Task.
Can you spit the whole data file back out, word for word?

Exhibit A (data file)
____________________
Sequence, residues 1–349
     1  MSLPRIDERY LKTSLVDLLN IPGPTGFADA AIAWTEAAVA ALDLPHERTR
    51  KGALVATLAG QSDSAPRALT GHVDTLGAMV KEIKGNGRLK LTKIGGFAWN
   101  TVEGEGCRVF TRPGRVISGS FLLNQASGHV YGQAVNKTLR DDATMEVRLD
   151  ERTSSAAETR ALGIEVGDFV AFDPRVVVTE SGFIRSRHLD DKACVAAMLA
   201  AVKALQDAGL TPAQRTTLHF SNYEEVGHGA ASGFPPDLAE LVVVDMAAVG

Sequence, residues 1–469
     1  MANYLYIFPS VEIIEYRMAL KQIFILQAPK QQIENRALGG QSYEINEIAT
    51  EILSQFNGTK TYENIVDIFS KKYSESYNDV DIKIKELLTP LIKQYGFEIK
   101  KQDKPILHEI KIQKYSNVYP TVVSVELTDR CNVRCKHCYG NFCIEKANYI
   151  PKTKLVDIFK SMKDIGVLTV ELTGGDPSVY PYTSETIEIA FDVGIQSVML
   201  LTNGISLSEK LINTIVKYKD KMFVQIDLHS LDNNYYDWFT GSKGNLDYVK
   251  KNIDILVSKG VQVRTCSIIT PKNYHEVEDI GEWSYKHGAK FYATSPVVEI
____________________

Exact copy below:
Sequence, residues 1–349
     1  MSLPRIDERY LKTSLVDLLN IPGPTGFADA AIAWTEAAVA ALDLPHERTR
    51  KGALVATLAG QSDSAPRALT GHVDTLGAMV KEIKGNGRLK LTKIGGFAWN
   101  TVEGEGCRVF TRPGRVISGS FLLNQASGHV YGQAVNKTLR DDATMEVRLD
   151  ERTSSAAETR ALGIEVGDFV AFDPRVVVTE SGFIRSRHLD DKACVAAMLA
   201  AVKALQDAGL TPAQRTTLHF SNYEEVGHGA ASGFPPDLAE LVVVDMAAVG

Sequence, residues 1–469
     1  MANYLYIFPS VEIIEYRMAL KQIFILQAPK QQIENRALGG QSYEINEIAT
    51  EILSQFNGTK TYENIVDIFS KKYSESYNDV DIKIKELLTP LIKQYGFEIK
   101  KQDKPILHEI KIQKYSNVYP TVVSVELTDR CNVRCKHCYG NFCIEKANYI
   151  PKTKLVDIFK SMKDIGVLTV ELTGGDPSVY PYTSETIEIA FDVGIQSVML
   201  LTNGISLSEK LINTIVKYKD KMFVQIDLHS LDNNYYDWFT GSKGNLDYVK
   251  KNIDILVSKG VQVRTCSIIT PKNYHEVEDI GEWSYKHGAK FYATSPVVEI